Elizabeth Eveillard, an investment banking consultant who also serves as an outside director on three boards — Value City, Lillian Vernon and the privately held Bealls Department Store — said that outside directors often can bring a different perspective to management.
“If the directors are active — attending the meetings and vocal in their opinions — the individuals can provide a good sounding board for management. There should be a mix of insiders and outsiders on the board and I’ve seen that having individuals with a financial background is a big plus for the audit and compensation committees,” she noted.
Calling Kellwood Co. “ahead of the curve on the issue of governance,” Hal J. Upbin, the company’s chairman, president and chief executive officer of Kellwood, noted that the firm established a governance committee two years ago and that six of its eight members are outsiders. “We also have an audit committee led by someone with financial acumen, and there are no insiders on either the audit, compensation or governance committees. The executive committee, which chairs those three, has one insider, me. The three others outweigh me on any voting.”
Upbin observed: “A firm goes astray when it is willing to do things that are unethical to enhance the pocketbook. Much of that stems from trying to get the stock price up because Wall Street has been unmerciful to companies that miss” their financial projections.
He attributes many recent scandals to the combination of too much greed and too little control: “When you have stock options that allow someone to make $100 million, well, it does funny things to people when it relates to stock price because there are so many dollars at stake.”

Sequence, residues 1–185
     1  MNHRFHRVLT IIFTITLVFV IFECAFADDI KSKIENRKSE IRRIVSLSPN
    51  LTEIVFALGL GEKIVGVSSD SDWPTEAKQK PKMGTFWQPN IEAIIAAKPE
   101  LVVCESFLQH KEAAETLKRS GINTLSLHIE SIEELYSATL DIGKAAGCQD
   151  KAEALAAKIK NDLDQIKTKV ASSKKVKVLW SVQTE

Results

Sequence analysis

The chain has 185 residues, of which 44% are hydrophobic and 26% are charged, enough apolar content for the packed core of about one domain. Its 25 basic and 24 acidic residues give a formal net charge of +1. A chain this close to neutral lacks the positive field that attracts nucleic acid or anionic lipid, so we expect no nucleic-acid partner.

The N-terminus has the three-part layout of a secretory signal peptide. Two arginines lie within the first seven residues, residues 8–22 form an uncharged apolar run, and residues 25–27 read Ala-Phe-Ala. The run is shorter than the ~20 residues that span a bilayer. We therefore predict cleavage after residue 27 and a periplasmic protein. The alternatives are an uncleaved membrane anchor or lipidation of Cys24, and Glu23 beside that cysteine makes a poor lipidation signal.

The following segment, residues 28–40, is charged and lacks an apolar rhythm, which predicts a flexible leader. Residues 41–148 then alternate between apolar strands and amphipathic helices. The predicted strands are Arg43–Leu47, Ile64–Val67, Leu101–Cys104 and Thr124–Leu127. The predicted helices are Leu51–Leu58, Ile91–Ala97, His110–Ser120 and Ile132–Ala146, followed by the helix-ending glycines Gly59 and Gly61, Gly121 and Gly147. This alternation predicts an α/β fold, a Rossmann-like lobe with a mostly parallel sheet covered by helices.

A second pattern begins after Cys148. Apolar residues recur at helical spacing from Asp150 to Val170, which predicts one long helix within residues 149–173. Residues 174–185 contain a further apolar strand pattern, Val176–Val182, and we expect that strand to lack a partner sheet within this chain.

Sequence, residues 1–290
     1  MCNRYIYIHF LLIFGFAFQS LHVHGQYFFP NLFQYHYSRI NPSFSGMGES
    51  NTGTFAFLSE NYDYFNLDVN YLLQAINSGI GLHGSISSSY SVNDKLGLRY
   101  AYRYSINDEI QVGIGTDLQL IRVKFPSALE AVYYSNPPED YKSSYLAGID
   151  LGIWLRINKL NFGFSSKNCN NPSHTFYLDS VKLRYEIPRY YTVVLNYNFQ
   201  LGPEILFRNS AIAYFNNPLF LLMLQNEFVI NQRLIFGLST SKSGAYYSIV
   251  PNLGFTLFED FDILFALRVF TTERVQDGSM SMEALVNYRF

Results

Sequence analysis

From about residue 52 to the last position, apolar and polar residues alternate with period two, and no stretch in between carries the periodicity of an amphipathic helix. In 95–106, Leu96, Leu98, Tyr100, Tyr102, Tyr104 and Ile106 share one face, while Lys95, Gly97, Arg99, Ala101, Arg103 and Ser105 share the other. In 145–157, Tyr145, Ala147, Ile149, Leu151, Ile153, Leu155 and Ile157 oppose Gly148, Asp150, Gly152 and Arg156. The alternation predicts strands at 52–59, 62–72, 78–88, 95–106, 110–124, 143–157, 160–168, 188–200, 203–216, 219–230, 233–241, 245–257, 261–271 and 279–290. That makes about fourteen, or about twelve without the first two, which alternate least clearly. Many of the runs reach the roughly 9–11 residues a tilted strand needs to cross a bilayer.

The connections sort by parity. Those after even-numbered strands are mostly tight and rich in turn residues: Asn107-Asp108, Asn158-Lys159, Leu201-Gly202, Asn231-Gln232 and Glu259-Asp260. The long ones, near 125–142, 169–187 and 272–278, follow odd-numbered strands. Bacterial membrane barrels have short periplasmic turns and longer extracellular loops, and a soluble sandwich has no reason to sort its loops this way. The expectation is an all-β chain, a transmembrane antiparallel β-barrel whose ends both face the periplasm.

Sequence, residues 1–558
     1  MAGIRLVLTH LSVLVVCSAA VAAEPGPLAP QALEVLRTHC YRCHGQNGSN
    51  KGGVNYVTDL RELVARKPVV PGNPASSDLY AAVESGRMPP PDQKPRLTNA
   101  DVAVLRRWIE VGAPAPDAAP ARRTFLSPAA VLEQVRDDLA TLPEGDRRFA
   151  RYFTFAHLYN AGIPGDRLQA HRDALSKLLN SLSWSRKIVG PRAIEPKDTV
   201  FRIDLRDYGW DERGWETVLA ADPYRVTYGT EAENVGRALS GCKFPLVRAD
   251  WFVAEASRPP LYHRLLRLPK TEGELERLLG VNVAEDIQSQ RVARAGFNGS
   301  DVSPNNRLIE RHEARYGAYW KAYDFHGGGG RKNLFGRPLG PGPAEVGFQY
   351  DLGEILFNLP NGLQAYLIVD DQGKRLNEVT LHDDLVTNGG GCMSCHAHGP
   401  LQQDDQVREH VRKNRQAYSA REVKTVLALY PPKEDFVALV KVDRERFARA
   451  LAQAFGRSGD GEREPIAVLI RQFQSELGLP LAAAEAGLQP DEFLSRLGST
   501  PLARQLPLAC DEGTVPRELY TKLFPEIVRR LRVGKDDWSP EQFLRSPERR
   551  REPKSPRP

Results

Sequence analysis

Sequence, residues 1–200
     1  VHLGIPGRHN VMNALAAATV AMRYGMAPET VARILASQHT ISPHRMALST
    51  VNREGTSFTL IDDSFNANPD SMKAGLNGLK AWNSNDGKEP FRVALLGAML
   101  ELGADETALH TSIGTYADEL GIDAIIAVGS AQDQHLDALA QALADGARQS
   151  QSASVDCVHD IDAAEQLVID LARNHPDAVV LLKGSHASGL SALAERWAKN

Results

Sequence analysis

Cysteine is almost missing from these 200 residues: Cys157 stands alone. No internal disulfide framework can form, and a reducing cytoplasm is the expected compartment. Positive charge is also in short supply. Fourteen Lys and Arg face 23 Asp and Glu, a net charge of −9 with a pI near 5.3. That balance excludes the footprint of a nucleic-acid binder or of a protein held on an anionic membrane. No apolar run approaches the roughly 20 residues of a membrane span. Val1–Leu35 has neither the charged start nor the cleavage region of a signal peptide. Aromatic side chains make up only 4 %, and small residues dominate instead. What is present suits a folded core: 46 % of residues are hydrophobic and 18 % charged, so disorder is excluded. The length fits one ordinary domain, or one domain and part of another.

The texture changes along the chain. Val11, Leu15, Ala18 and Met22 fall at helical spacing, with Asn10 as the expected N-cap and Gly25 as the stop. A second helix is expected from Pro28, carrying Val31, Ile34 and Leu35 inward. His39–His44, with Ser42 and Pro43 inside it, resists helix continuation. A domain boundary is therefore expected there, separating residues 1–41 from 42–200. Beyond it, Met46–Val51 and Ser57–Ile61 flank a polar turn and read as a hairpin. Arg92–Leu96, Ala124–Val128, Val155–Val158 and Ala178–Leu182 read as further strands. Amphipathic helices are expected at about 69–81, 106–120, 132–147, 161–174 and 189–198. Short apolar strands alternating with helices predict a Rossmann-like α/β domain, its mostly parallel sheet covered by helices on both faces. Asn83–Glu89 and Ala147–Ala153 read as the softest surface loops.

Brian Tunick, specialty retail analyst at J.P. Morgan, believes the recent scandals have been a call to action. “The level of investor confidence has been so eroded that we are only now beginning to see what needs to be done. The stock market reacts positively when people are led out of their homes in handcuffs. It restores the confidence of investors who ultimately decide where they want to be, whether in stocks, bonds or cash. We [on Wall Street] want them to know that the market is not rigged against them.”
Tunick expects to see an increase in the ranks of board membership by outside directors among public firms.
“We can’t have the chairman or ceo appointing his or her friends to sit on the board. The tough decisions don’t get made when that happens and we need people to be held responsible for what they are signing off on. People don’t trust the numbers that they are seeing, and are concerned that more shoes will drop. The trend now is for people to shoot first and ask questions later,” he explained.